Tech startup vanity metrics - things that sound good vs. things that matter

Dec 19, 2019

Freelancers, startups, growing companies, and even well-known brands sometimes happen to find themselves stuck with the wrong goals and lost in investigating the wrong data. Being behind the wheel of a buzzing tech startup, it is oddly satisfying to brag with your increasing popularity and the impressive numbers behind it. Sadly, the only potential use of those numbers is boosting your ego for a while, before you learn to recognize their hollowness.

Vanity metrics look, sound, and feel great, but are a dangerous thing to count on when you pursue stable company growth. Tech startup vanity metrics do not provide any kind of valuable marketing insight; they can even trick you into believing you’re on the right track, while you are really not. They can be misleading, subjective, and incapable of providing relevant information for your team to rely on.

So, how do you quit the vanity fair? Which metrics matter, which do not, and how to define what’s truly important for your tech startup? Let us make this long story really short for you.

Leaving the vanity fair: numbers you should stop measuring

It’s always wiser to educate yourself and re-define your priorities in theory, before the harsh reality comes crashing down on you and teaches you the hard way. Thankfully, many had gone down this vicious path before and are eager to share plenty of valuable practical advice.

So according to experience, some of the most commonly misused and/or misinterpreted tech startup vanity metrics include:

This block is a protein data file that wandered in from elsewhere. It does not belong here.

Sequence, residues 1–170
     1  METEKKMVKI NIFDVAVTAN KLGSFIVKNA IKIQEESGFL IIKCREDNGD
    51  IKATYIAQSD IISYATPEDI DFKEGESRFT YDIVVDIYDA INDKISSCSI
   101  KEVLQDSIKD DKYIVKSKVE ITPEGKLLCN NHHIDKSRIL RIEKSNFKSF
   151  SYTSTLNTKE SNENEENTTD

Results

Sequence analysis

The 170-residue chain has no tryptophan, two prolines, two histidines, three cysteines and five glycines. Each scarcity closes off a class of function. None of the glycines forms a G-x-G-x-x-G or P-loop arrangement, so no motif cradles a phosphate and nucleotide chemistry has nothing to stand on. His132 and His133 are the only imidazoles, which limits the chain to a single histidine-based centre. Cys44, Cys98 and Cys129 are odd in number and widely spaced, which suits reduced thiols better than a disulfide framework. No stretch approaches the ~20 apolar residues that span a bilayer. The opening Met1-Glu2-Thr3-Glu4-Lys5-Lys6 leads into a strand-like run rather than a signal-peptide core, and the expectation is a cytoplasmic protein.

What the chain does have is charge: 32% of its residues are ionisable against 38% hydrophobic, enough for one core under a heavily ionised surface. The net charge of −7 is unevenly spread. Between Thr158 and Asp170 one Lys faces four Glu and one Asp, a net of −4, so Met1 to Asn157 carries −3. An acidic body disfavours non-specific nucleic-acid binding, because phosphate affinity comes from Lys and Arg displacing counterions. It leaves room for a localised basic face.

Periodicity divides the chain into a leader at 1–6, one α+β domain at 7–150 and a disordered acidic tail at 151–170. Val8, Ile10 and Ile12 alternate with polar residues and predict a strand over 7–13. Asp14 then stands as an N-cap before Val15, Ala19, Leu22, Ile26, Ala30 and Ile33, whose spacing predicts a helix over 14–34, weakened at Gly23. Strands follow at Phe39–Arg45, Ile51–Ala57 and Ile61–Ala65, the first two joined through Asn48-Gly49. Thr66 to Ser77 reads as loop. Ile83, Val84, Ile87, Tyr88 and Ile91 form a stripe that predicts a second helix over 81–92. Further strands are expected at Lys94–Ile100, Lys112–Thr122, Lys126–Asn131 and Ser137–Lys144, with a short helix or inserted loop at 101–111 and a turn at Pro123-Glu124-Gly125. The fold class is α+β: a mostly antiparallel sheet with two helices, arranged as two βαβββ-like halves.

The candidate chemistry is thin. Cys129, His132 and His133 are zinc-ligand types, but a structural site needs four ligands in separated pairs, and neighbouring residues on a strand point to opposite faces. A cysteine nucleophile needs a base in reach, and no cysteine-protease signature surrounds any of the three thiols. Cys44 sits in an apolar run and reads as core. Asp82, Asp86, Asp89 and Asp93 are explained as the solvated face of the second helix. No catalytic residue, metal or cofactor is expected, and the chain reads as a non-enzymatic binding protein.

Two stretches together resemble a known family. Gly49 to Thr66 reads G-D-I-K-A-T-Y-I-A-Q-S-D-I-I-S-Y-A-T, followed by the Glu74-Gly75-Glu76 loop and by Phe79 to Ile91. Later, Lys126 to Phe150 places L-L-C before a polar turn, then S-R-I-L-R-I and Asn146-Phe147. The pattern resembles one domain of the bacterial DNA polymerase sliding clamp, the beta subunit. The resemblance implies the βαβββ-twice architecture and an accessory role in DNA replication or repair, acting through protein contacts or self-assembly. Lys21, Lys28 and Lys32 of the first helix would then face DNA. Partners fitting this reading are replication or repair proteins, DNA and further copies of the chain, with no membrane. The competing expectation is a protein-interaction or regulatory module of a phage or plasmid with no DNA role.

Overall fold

Number of subscribers

The number of active users and subscribers currently paying for your product might seem like a logical growth metric, especially if you lack experience. Anyway, time and practice show a different pattern – the number of new and trial users is important, but what’s even more important is their behavior. Are they actively using your product? Are they engaging with it on a daily basis? If they don’t – why is that and how can you fix it? Keeping an eye on these processes can reduce your churn rates and give you a better understanding of your enterprise.   

Spikes in website traffic

An aggressive social media or search engine marketing campaign, along with organic SEO, can deliver some excellent results for your website traffic. Maybe you wouldn’t be startled to find out that those spikes in traffic don’t always come back as a boost of revenue. The curve of the graphics means nothing until it brings along sales and concrete financial results for your tech startup.

Social media fans/followers

Let’s face it – tech startup companies are rarely Instagram influencers, and therefore they shouldn’t worry that much about social media fans and followers. Of course, gaining popularity is a definite prerequisite of success, yet it’s just one of the many. Purchasing random likes or having a massive social media reach still doesn’t do the magic, because not every follower is a potential client. Social media shares and conversion rates, on the other hand, are far more meaningful metrics to follow, because they mean actual engagement with your content.

Number of new leads

Website leads are quite important, but not in a matter of quantity, but rather in quality. Generating a tremendous amount of worthless leads in your funnel is not very wise – it will drain your marketing and advertising budget, without ever converting it into noticeable financial accumulations. That’s where your advertising team needs to step in and produce a rational strategy: how to provide a sufficient number of quality leads instead of just bringing an indifferent mass of people to your website.

Number of raw pageviews

The king of tech startup vanity metrics is called “pageviews.” The good news is: yes, you have probably generated good-quality content in our blog that gives value to the reader. The bad news is: you can’t be sure of that until you dig deeper.

Page views diagram

All your plenty of pageviews are still in vain if:

  • You are facing high bounce rates;
  • Your blog posts fail to gain a sufficient number of social shares;
  • Your copywriter didn’t incorporate an adequate internal link building and a reasonable call to action;